3.  37. So called from the evil omens supposed to be afforded by their harsh cries.
4、  Thus passed year by year, and day by day, Till it fell ones in a morn of May That Emily, that fairer was to seen Than is the lily upon his stalke green, And fresher than the May with flowers new (For with the rose colour strove her hue; I n'ot* which was the finer of them two), *know not Ere it was day, as she was wont to do, She was arisen, and all ready dight*, *dressed For May will have no sluggardy a-night; The season pricketh every gentle heart, And maketh him out of his sleep to start, And saith, "Arise, and do thine observance."
5、  1. Rood: the cross on which Christ was crucified; Anglo-Saxon, "Rode."

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  • 蒋华 08-04

      

  • 祖鲁 08-04

      And during thus this knighte's woe, -- Present* the queen and other mo', *(there being) present* My lady and many another wight, -- Ten thousand shippes at a sight I saw come o'er the wavy flood, With sail and oar; that, as I stood Them to behold, I gan marvail From whom might come so many a sail; For, since the time that I was born, Such a navy therebeforn Had I not seen, nor so array'd, That for the sight my hearte play'd Ay to and fro within my breast; For joy long was ere it would rest. For there were sailes *full of flow'rs;* *embroidered with flowers* After, castles with huge tow'rs, <5> Seeming full of armes bright, That wond'rous lusty* was the sight; *pleasant With large tops, and mastes long, Richly depaint' and *rear'd among.* *raised among them* At certain times gan repair Smalle birdes down from the air, And on the shippes' bounds* about *bulwarks Sat and sang, with voice full out, Ballads and lays right joyously, As they could in their harmony.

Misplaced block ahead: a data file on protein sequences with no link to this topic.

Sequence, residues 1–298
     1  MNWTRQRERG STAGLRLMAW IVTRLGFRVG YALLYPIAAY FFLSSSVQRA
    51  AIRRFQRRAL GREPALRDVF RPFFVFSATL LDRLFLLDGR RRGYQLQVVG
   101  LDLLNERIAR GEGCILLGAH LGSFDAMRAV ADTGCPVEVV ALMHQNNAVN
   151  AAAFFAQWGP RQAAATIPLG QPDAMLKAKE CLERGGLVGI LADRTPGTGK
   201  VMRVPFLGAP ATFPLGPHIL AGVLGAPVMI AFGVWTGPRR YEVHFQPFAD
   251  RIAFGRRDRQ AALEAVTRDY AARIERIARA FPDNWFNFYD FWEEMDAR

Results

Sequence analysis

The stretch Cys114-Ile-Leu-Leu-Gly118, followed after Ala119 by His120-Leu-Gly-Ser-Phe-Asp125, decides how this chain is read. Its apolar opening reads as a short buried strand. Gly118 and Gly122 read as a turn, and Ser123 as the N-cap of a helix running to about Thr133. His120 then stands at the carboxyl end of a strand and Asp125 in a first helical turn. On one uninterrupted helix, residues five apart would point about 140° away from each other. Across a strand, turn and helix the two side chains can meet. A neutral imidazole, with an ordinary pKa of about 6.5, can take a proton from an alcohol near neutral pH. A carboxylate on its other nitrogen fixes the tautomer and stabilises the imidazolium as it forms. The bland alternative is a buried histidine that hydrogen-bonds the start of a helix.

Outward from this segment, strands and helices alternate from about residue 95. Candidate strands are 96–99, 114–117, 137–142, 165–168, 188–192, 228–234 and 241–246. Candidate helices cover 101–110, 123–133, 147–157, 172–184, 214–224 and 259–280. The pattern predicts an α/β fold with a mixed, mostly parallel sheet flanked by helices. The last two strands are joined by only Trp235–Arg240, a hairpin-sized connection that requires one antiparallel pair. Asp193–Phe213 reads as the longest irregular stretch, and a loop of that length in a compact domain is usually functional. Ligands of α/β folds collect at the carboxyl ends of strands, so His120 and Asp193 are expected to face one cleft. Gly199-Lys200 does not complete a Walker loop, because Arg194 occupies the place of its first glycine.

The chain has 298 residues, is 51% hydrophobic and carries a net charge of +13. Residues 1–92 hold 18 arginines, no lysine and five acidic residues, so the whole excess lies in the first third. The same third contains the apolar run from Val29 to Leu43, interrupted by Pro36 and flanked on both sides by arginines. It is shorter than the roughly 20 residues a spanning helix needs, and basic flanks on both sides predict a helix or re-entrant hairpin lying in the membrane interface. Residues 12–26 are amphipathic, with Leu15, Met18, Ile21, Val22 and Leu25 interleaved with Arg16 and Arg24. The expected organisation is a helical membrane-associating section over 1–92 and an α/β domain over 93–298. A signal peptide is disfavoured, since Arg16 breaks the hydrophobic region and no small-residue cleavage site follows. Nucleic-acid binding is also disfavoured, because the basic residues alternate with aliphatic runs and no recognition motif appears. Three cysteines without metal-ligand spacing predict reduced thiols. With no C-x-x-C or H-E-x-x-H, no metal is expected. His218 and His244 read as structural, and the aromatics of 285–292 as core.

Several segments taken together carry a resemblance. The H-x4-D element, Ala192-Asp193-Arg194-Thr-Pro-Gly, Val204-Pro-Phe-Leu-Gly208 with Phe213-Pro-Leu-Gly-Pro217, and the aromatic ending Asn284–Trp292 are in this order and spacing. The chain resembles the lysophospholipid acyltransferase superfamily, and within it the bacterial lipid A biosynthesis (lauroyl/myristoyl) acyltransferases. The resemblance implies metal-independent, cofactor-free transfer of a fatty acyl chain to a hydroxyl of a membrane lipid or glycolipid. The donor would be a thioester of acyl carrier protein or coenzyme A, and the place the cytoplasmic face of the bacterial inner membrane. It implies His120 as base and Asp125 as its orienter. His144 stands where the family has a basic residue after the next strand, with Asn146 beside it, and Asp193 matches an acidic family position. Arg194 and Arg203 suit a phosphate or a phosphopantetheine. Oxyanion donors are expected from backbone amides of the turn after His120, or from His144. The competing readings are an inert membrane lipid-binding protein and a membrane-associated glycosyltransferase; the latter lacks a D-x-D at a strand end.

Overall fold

• 马可安 08-04

       19. Gear: behaviour, fashion, dress; but, by another reading, the word is "gyre," and means fit, trance -- from the Latin, "gyro," I turn round.

  • 加迪夫 08-04

      45. Nice: silly, stupid; French, "niais."

  • 黎智英 08-03

    {  Notes to the Prologue to the Squire's Tale

  • 乐珈彤 08-02

      O noble, O worthy PEDRO, <28> glory OF SPAIN, Whem Fortune held so high in majesty, Well oughte men thy piteous death complain. Out of thy land thy brother made thee flee, And after, at a siege, by subtlety, Thou wert betray'd, and led unto his tent, Where as he with his owen hand slew thee, Succeeding in thy regne* and in thy rent.** *kingdom *revenues}

  • 陶东海 08-02

      27. Sempronius Sophus, of whom Valerius Maximus tells in his sixth book.

  • 宁头村 08-02

      34. Agathon: there was an Athenian dramatist of this name, who might have made the virtues and fortunes of Alcestis his theme; but the reference is too vague for the author to be identified with any confidence.

  • 赵寿山 08-01

       As he "roamed up and down," the dreamer saw on the wall a tablet of brass inscribed with the opening lines of the Aeneid; while the whole story of Aeneas was told in the "portraitures" and gold work. About three hundred and fifty lines are devoted to the description; but they merely embody Virgil's account of Aeneas' adventures from the destruction of Troy to his arrival in Italy; and the only characteristic passage is the following reflection, suggested by the death of Dido for her perfidious but fate-compelled guest:

  • 徐国庆 07-30

    {  "And is this song y-made in reverence Of Christe's mother?" said this innocent; Now certes I will do my diligence To conne* it all, ere Christemas be went; *learn; con Though that I for my primer shall be shent,* *disgraced And shall be beaten thries in an hour, I will it conne, our Lady to honour."

  • 沙·阿克木 07-30

      2. Jeremiah vi. 16.